Thursday, May 30, 2013

After GE13 Bluster, PAS’ Stubbornness Could Prove Self Destructive

It already seems clear that certain figures within Pakatan Rakyat are casting off the shackles of the failing coalition in an effort to further their own political ambitions. Datuk Seri Anwar Ibrahim and his near-universally derided campaign of illegal street rallies is perhaps the most obvious of the lot.
But increasingly it is not just individuals, but whole swathes of the Opposition that are breaking away from the norms of past years, further weakening its fragile structure. PAS for example look ever more remote from their coalition partners.

Lofty figures in the only PAS-held state this week derided Anwar's attempts at causing chaos, saying they were "detrimental to the nation".

"We in Kelantan have never discussed whether it is necessary for us to gather like in other countries," explained Deputy Mentri Besar Datuk Nik Mohd Amar Nik Abdullah, drawing a comparison with Anwar's antics to the 'Malaysian Spring' the he has long hungered for.

"For PAS, it is better, regardless for what purpose, that it be done in accordance with democracy."
The Deputy MB was the latest in a long list of names by whom the PKR 'Advisor' has been deserted by in recent weeks, as more pragmatic members of the Opposition seek to distance themselves from his tactics.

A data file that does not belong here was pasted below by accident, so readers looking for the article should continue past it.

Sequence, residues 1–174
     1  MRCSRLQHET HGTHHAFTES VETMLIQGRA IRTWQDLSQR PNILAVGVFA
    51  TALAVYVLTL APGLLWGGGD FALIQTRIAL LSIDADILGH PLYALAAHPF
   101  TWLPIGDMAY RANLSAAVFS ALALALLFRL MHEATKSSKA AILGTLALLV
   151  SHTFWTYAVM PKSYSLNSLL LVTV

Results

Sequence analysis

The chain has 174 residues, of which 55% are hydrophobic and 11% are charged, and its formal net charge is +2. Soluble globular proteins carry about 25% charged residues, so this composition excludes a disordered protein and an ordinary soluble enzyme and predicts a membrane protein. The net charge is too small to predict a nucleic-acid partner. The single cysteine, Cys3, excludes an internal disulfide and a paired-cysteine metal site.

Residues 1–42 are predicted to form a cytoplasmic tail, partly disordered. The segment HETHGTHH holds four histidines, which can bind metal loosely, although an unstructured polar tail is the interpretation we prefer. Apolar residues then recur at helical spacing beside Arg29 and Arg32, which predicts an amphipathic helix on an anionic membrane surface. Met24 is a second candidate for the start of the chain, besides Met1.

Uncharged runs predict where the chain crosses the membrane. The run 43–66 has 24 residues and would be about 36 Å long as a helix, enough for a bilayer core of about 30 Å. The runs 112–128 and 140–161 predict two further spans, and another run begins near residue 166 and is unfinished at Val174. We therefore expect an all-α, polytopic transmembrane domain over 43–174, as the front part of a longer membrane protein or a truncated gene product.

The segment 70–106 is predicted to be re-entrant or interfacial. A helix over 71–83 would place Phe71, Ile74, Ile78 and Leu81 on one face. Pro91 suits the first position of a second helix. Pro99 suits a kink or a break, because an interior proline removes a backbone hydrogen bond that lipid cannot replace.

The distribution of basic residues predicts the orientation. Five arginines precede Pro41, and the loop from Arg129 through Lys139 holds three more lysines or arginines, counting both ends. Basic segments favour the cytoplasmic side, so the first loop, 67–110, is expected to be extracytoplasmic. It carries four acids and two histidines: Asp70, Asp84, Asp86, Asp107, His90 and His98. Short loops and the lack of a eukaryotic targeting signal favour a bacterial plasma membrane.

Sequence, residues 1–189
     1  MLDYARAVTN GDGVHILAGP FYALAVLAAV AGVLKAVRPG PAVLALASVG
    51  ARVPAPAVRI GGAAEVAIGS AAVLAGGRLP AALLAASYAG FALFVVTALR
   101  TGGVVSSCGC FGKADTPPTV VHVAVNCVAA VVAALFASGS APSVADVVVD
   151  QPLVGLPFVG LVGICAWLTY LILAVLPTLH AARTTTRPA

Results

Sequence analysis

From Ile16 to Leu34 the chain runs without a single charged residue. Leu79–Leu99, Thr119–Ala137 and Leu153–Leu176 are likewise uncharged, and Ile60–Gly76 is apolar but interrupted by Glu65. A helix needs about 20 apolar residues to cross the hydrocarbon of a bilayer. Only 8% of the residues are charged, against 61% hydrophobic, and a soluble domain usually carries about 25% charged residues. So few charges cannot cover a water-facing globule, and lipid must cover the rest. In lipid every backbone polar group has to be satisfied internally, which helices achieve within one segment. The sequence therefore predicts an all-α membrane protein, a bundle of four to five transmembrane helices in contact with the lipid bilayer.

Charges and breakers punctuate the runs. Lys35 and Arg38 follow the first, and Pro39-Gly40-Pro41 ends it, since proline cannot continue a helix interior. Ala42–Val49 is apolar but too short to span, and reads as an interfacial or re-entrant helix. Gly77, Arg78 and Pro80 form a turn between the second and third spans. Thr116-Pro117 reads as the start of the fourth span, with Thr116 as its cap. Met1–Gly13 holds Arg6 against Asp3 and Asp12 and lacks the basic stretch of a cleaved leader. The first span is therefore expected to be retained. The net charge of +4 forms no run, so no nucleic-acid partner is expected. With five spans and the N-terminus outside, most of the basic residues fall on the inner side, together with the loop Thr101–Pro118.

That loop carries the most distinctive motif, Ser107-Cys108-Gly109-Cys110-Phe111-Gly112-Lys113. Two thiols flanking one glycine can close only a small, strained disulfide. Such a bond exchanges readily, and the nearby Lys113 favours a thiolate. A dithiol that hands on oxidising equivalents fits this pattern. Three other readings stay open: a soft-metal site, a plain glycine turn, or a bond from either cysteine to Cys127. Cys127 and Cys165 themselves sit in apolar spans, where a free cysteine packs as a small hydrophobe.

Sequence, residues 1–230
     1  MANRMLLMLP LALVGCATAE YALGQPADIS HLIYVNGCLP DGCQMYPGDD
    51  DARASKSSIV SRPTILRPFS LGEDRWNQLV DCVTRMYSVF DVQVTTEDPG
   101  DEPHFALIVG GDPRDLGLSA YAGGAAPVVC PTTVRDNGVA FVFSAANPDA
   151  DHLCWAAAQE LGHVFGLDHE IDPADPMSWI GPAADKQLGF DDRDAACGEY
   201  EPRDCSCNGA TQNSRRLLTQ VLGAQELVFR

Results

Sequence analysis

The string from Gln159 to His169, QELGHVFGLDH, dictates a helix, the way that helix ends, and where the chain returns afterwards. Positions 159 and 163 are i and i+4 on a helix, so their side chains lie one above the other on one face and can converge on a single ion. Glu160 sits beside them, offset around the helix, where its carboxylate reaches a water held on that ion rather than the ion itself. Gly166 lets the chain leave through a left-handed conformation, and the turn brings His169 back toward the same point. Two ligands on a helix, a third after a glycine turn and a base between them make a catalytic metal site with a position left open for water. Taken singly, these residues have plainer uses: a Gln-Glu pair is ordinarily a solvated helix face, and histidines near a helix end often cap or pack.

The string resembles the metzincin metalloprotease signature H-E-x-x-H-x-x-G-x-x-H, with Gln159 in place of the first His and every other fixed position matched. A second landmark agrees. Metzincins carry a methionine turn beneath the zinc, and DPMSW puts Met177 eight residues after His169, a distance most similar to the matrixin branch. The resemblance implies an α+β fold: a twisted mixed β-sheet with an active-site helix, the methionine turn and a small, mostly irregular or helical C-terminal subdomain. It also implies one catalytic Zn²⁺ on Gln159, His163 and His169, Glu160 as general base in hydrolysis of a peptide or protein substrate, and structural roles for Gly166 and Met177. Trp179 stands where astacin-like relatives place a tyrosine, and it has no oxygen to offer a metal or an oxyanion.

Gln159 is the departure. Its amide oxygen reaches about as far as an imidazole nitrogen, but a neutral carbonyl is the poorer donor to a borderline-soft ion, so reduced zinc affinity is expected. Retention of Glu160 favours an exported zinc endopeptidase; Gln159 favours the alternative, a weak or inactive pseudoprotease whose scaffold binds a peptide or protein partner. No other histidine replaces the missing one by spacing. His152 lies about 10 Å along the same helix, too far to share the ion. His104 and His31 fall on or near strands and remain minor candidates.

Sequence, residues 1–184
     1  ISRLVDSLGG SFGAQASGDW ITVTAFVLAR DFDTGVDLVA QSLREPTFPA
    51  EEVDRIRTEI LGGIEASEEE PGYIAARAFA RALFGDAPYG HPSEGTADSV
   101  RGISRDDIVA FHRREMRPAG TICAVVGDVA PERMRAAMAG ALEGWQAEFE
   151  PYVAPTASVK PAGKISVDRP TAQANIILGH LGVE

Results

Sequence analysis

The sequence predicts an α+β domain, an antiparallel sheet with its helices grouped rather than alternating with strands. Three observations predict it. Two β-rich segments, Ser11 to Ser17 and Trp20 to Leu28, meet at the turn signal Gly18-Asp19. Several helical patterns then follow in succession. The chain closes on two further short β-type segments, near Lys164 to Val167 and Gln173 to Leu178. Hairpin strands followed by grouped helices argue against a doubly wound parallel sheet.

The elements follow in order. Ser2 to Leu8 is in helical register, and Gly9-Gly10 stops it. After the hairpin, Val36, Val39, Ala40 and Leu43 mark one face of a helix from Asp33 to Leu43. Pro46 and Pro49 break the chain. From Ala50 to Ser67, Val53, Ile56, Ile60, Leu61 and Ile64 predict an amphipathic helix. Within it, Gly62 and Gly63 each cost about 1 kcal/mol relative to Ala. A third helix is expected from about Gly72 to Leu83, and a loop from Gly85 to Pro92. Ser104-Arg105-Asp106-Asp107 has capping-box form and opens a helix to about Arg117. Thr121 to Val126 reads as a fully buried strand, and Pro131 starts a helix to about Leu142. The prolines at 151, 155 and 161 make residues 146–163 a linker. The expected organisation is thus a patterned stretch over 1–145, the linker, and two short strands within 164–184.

But PAS spiritual leader Datuk Nik Abdul Aziz Nik Mat went to great lengths to reiterate that the party's move away from Anwar did not mean they would try to get closer to Barisan Nasional and Umno.

"I would not allow it, for as long as I am still alive, I would not permit any effort for cooperation between PAS and Umno," he said, amid rumours that the party would somehow cooperate with the Federal Government as part of the national reconciliation drive.

"No one can organise efforts for cooperation between PAS and Umno, much less do it quietly..."
This puts PAS in something of a quandary. Ahead of GE13, the Islamist party put on a display of bravado over how it was seeking to become the 'dominant force' within Pakatan Rakyat.

Far from the landslide it had boasted of prior to May 5, PAS in fact lost 2 federal seats, along with the Malay heartland in the form of Kedah, failing also to make any inroads into East Malaysia.

The Islamist party meets next week for its 57th Annual Conference, where its direction for the coming year will be decided. For anyone with a passing interest in the future of Pakatan Rakyat, it will be well worth paying attention to the headlines that emerge from Gombak.

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